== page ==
Trouble in the Markets
WHY YOU SHOULD CARE
The economic headwinds coming from China seem to have finally caught up with the U.S.
By Steven Butler
Maybe it was only a matter of time. China’s economic storm has finally blown into Wall Street, sending stocks into their steepest one-week dive since 2011, while oil has also hit the slicks — dipping below $40 a barrel for the first time in more than six years.
Yep, lots to worry about. Most know China has been slowing down, but the country’s recent decision to let its currency, the yuan, slide against the dollar in order to make exports cheaper looked like a desperate move that’s unnerved everyone. And it suggests the Chinese economy — the world’s second-largest — may be much weaker than officials there want to let on. Meanwhile, exporters in developing countries are getting creamed by sliding commodity prices, and they’ll have even more trouble repaying certain debts if their own currencies continue to weaken. Global banks, watch out!
What does that all mean for the U.S. economy? While it still looks pretty solid for now, there may be future headwinds for exporters and corporate America as sales weaken abroad. All of this is making the U.S. Federal Reserve’s decision on whether to raise interest rates next month — or even this year, as it says it wants to do — a really tough call. After all, long-term interest rates are in the toilet again, suggesting no one’s expecting much inflation or, unfortunately, economic growth ahead. Desperately needed: firepower, from somewhere, to get the world economy revving again.
Oil may have taken a steep dive this week, but if history is any guide, it will be back up again. In fact, experience suggests that the lower prices go, and the longer they stay there, the greater will be the eventual rebound. That’s because lower prices lead to fewer investments in finding more of it, creating an almost inevitable future gap between supply and demand — much different from today’s world. But just when it seems crazy to bet on black gold, the oil bulls are playing the market in a way that would make J.R. Ewing proud. In the first quarter alone, as prices hit lows not seen since the Great Recession, they poured almost $2 billion into one of the world’s biggest oil funds, nearly tripling its assets. Some of that investment has since flowed out again, but the smart money seems to be holding back, waiting for an even bigger score. As one trader puts it: “The downside is limited, and the upside is explosive.” Read more here.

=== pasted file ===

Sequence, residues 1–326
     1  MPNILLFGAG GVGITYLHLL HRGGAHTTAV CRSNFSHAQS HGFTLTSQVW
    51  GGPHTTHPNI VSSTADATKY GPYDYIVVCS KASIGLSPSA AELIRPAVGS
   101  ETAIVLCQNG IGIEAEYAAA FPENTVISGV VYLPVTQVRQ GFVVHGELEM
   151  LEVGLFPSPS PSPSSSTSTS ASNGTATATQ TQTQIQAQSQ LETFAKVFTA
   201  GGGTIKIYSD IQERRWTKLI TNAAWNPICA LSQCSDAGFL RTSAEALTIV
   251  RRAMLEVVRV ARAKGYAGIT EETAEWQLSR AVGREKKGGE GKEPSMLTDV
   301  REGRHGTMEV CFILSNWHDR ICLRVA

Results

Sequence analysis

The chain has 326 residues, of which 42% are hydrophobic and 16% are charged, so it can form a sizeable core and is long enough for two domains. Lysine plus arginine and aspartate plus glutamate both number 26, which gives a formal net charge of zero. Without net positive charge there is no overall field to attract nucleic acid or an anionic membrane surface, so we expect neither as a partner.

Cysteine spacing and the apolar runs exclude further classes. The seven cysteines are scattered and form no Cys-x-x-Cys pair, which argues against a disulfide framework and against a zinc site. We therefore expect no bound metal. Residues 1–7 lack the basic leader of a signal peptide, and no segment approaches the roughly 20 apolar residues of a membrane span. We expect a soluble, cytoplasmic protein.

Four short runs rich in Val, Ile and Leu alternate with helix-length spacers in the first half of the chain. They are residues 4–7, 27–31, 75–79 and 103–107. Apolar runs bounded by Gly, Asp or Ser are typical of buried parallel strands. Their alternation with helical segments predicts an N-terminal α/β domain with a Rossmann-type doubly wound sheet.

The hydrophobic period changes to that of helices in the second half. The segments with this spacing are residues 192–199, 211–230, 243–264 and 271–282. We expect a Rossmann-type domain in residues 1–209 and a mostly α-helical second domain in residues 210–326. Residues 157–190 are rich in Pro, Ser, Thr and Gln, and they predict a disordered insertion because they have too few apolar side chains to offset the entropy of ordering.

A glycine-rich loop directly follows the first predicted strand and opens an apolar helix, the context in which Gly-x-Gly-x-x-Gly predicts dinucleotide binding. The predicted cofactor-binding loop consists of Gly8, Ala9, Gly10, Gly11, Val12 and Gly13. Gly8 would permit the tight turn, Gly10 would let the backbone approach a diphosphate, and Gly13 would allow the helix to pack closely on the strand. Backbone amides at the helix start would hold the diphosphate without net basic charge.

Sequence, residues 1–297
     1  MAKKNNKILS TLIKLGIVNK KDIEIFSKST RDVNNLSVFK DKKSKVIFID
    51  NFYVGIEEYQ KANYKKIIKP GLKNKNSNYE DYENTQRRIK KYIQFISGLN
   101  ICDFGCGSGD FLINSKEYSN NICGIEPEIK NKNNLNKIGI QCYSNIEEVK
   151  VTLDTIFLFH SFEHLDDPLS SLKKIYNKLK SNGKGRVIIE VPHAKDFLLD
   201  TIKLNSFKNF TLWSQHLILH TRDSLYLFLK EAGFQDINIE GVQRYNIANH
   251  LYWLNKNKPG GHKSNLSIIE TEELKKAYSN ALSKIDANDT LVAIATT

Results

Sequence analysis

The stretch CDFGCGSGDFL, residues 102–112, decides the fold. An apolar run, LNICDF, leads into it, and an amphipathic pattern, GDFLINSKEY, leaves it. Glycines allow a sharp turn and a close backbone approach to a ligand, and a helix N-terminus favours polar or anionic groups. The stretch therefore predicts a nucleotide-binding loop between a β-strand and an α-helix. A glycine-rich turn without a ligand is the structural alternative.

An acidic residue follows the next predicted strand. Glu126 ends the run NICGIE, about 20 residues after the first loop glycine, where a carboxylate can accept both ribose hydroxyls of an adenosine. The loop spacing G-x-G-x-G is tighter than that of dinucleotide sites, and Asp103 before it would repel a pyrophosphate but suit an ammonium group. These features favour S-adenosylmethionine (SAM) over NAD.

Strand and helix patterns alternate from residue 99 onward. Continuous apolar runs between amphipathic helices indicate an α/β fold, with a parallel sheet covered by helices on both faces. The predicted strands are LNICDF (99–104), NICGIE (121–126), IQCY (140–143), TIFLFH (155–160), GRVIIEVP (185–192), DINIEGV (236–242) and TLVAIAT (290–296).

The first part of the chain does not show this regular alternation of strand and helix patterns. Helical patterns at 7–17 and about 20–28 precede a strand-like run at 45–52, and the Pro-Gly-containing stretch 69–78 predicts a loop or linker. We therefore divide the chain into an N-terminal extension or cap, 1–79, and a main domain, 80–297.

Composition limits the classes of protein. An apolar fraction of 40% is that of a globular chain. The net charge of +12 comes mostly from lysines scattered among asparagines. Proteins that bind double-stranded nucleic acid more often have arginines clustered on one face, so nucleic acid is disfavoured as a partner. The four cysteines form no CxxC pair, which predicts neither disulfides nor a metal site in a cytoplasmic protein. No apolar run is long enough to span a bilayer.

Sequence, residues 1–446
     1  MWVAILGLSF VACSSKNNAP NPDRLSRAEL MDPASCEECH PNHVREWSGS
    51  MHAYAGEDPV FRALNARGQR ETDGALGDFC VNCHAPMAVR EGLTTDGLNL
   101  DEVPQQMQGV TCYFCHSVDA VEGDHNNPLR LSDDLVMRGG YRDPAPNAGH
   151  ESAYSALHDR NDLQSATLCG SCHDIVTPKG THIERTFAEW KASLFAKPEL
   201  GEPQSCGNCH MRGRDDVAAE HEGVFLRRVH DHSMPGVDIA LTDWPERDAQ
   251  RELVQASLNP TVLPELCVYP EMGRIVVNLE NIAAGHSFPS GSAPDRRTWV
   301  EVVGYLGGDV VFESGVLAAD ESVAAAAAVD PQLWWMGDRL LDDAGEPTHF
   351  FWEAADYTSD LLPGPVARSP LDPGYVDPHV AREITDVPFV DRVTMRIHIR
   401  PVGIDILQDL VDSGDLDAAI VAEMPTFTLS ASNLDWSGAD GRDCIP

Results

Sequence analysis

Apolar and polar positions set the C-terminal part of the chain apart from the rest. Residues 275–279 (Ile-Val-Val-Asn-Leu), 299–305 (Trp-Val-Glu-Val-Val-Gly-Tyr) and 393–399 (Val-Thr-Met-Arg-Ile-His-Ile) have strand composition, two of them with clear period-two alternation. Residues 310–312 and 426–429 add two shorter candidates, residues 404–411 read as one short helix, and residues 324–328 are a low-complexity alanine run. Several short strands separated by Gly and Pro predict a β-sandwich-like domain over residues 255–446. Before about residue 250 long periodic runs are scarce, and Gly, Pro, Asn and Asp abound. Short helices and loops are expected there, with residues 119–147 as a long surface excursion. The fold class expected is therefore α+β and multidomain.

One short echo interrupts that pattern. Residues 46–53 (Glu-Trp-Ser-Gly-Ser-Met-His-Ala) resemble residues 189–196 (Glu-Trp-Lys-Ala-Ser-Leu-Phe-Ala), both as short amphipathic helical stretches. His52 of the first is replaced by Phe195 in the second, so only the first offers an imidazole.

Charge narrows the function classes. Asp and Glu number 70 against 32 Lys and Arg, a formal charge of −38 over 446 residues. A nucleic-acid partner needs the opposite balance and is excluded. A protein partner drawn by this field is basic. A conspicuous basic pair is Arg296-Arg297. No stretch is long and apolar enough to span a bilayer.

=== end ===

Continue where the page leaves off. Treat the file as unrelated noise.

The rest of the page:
Few prognosticators of China have accurately called the steep slide we’re now seeing in what was until recently a growth economy. One notable exception: Michael Pettis, the peripatetic Beijing finance professor who writes a widely read financial newsletter. While Pettis says China could theoretically have a smooth transition to a consumer-driven economy that powers strong growth, he fears that’s an impractical long shot. It’s tempting to talk about him as a dual persona — an indie music impresario-cum-global financial clairvoyant — but that would make things too simple. His budding worldwide fame comes courtesy of a piquantly dour take on the so-called “Chinese economic miracle.” As expressed in books, his blog, publications like the Financial Times and a newsletter peddled to select clients for thousands of dollars, the “Pettis hypothesis” is that China has greatly over-invested borrowed money — in factories, infrastructure and construction — leading to a painful reckoning. Read more here.
Once again, it seems like there’s economic trouble brewing in Asia, especially in South Korea. The country is buffeted on all sides these days, as China — its biggest export market — slows sharply and rival Japan shows renewed competitive strength around the world, a reflection of a plunge in its currency that gives it pricing power for the first time in many years. There are plenty of early warning signs that Korea’s much-vaunted economic growth model may not deliver as much in the future as it has done so successfully in the past, including a deflated appetite for the country’s tires, cars, high-def TVs and smartphones. Chalk the drama up to the South Korean squeeze. Read more here.